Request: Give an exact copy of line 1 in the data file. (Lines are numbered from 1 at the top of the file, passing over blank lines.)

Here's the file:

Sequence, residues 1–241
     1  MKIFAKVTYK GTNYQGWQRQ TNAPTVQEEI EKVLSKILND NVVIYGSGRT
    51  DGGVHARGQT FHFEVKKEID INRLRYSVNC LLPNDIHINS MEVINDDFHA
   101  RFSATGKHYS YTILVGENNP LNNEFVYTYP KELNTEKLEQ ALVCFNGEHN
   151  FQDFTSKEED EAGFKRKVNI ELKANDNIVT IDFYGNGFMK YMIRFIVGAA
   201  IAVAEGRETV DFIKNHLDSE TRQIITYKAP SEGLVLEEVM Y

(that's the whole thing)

Sequence, residues 1–241